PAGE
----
What Are the Best Video Game Soundtracks?

Faculty from Berklee's game and interactive media scoring (GAIMS) program pick their favorite video game music, from Mega Man to God of War.

In its early days, video game music was so limited by technology that, to many players, it might have all sounded pretty similar. Often referred to as “chiptune,” the 8-bit music for these games used computer chips to create monophonic music that, due to data size limitations, were very spare and often programmed on a loop.

Decades later, video game music has become a genre as deep and wide as film music, and is in fact on the vanguard when it comes to innovating compositions for new and interactive media. This also means that there is an explosion of demand for game audio and soundtrack composers—a need that Berklee is meeting with its game and interactive media (GAIMS) program. The new major gives students the full suite of technical skills they will need for any level in the game audio and scoring world, and it provides opportunities to enter the industry with practical experience.

It may be easy to hear a stark difference between the digital simplicity of the original 8-bit score from 1986's The Legend of Zelda and the orchestral complexity of the franchise’s music beginning with 1998’s Ocarina of Time, but music from both games (and every other Zelda title) has become so beloved that it has been performed live around the world by full orchestras to packed audiences.

We asked faculty from the new major to weigh in on compositions that changed the game, and in many cases, transcended their limitations in their pursuit of art. Below, you can see lists from Gina Zdanowicz (Just Cause 3, BioShock 2), Eric Hamel (A Matter of Murder, Austen Translation), and Duncan Watt (League of Legends, Arena of Valor) and hear them reflect on what makes sets these compositions apart. “Writing beautiful music is only part of the equation,” Hamel says. “This is the core difference between games and linear media like film. Interactives demand that the music be integrated into the experience in a meaningful way that responds to audience agency.”

Gina Zdanowicz

Mega Man (Capcom, 1987)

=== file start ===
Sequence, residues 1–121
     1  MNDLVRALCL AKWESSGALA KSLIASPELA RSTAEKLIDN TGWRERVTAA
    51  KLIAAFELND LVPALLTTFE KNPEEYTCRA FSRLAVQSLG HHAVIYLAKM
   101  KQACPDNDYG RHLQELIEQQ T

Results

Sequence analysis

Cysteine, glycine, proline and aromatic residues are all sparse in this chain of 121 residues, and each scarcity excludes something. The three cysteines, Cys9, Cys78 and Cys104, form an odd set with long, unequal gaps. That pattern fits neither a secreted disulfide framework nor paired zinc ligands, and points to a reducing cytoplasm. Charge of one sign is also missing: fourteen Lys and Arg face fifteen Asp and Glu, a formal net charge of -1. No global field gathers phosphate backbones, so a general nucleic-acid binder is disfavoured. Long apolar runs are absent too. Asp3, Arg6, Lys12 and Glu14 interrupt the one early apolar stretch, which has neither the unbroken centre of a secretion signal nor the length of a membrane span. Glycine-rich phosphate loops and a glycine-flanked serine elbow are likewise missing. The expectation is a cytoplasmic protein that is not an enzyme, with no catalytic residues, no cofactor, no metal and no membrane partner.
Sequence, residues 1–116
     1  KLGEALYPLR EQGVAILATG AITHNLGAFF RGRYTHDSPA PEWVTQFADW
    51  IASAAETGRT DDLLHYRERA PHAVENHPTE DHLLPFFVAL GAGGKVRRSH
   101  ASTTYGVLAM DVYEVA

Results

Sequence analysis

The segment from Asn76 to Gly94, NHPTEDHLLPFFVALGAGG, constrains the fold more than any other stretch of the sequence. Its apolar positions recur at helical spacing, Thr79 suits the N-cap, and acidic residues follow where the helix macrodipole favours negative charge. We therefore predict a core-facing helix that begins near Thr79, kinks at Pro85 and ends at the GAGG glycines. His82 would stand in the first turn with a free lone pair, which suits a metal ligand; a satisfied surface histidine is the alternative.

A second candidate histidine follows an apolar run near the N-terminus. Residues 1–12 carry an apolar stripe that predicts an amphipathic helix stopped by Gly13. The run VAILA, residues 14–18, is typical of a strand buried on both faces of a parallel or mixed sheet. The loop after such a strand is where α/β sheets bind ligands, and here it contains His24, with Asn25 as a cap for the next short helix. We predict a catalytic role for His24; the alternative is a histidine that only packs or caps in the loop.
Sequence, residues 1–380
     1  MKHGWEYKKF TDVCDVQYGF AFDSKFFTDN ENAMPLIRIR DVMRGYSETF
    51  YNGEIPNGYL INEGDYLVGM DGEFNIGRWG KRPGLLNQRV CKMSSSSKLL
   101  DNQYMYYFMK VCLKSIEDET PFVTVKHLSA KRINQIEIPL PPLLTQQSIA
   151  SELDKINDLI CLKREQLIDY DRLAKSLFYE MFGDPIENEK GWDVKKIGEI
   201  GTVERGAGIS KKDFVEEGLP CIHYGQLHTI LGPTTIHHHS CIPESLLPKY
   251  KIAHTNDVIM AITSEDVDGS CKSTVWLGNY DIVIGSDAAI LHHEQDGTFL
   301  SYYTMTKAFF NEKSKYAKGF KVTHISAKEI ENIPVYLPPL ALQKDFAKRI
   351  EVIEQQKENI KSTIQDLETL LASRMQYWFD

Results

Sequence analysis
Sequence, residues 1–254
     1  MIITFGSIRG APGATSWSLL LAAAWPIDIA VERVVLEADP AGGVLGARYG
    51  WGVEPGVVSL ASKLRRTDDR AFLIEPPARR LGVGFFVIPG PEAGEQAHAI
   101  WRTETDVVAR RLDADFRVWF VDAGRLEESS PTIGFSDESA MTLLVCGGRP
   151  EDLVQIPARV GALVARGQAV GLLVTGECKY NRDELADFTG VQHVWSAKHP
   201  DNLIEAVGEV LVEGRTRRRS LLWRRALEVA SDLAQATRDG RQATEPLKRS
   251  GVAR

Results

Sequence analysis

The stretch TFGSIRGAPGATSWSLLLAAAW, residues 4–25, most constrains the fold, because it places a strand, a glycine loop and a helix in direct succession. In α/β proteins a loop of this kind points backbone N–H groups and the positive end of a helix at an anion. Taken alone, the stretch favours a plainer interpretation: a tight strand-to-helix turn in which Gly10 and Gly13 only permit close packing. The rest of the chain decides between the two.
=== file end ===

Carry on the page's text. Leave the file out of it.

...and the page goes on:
Composer: Manami Matsumae

"Many game soundtracks are essential to the industry's history, and my top two soundtracks often change. As I reflect on influential soundtracks, I have early memories of playing Mega Man on NES (Nintendo Entertainment System). There are many reasons to love the Mega Man series. Still, Manami Matsumae's soundtrack is iconic. She was a role model that gave me the confidence to pursue a career in game sound. She was hired by Capcom for MM1 [the first Mega Man] right out of university and had to learn to program her music into the game systems. The charm of the MM series soundtracks is that the quick tempo, hard-rock-esque music provides a real sense of atmosphere. The Dr. Wily stage themes are some of the most iconic music in 8-bit game history."

Celeste (Extremely OK Games, 2018)

Composer: Lena Raine

"The other influential soundtrack that comes to mind is Lena Raine's OST [original soundtrack] for Celeste. The game's theme takes on the battle of anxiety and depression. In game, the dynamic soundtrack wonderfully mirrors themes in the game and the player's mindset. Outside of the game, the soundtrack was created to stand on its own and tell a story. The score is a perfect blend of delicate felt piano melodies and ambient pads topped with lead synths that are dynamically introduced as the player dashes and jumps their way up the mountain of insecurities. The theme for the player character Madeline is played out by those soft piano melodies, and as the character spirals, harsher synths come in to mask that gentle narrative. As Madeline recovers, the synths are stripped away to reveal the felt piano theme, leaving players to reflect as they return from the spiral."

Eric Hamel

Street Fighter II (Capcom, 1991)

Composer: Yoko Shimomura

"The music in Street Fighter II by Yoko Shimomura is not only exciting and energizing music. It works in such a way that it engages with the player on a deeper level. If a player’s health drops below a certain threshold, the tempo of the music increases in sync with the decreasing life bar. This is immensely effective not only in dynamically scoring the events unfolding on the screen, but Shimomura uses it also as a warning, encouraging the player to complete the round before they’re defeated."